Portland Residential Landlords Beware – Notice Timelines Increased

Portland City Council has declared the city to be in a housing emergency. Rental rates have increased by 15% in 2015, and vacancy is hovering at about 3%.

The Council has announced measures to combat these issues. On October 14, 2015, the Council unanimously voted to pass an ordinance requiring residential landlords give 90 days’ notice for rent increases greater than 5% and for no-cause evictions. This is an increase from the 30 or 60 days’ notice that were previously required. If a residential landlords fails to give enough notice, he could owe the tenant “up to three months rent as well as actual damages, reasonable attorney fees and costs.” Some on the City Council, including Commissioners Dan Salzman and Nick Fish, wish they could do more to protect tenants, but state residential landlord-tenant laws prevent cities from enacting more stringent provisions, like rent control. Commissioner Salzman has promised to review and evaluate the policy in a year to see if it accomplished its goals.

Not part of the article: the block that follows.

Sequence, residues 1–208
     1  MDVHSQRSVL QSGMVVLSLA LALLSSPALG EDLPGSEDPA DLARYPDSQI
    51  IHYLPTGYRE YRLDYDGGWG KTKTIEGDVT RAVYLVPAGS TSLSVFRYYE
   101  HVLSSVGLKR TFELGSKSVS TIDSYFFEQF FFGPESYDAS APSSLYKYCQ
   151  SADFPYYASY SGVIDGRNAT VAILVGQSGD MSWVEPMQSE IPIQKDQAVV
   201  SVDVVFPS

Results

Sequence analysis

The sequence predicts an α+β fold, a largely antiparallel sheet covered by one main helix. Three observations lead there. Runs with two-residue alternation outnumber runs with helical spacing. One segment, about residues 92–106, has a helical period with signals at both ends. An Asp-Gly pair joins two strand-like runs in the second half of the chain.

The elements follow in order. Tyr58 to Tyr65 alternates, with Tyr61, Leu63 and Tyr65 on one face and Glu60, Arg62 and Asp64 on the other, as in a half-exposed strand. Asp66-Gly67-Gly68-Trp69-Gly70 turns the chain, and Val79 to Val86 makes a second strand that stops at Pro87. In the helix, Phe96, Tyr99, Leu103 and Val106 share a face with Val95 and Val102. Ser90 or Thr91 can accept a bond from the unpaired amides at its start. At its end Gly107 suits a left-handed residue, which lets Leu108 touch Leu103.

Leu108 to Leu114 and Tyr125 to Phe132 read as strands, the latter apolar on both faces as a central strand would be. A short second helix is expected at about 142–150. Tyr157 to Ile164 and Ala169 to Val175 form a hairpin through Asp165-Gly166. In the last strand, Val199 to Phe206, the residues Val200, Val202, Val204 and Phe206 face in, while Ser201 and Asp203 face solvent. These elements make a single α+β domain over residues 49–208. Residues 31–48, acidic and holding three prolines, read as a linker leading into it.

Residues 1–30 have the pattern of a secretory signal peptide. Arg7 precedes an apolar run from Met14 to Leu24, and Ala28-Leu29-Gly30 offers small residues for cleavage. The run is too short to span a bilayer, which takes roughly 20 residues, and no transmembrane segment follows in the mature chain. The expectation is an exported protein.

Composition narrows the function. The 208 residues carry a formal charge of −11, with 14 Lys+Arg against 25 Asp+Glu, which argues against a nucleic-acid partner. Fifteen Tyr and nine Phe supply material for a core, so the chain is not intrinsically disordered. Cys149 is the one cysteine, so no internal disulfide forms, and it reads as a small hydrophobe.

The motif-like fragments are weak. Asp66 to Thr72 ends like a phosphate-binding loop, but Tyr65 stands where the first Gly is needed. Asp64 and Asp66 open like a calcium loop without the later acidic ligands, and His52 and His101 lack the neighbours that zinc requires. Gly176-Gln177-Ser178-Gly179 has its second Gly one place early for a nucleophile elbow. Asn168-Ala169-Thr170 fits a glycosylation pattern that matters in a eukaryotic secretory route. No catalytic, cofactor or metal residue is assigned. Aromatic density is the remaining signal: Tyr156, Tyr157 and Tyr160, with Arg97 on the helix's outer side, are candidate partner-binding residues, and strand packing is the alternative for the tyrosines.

The ordinance goes into effect next month. This may cause some residential landlords to rush to send out notices this month in advance of the ordinance’s effective date. The Oregon Residential Landlord Tenant Act (“ORLTA”) is highly technical and landlords are well advised to consult with a real estate attorney knowledgeable about ORLTA before issuing any termination or rent increase notices.

For more information, see the following Oregonian articles:

“Portland OKs 90-day notice for rent increases, no-cause evictions”

“Portland approves housing emergency plan, what comes next is unclear”

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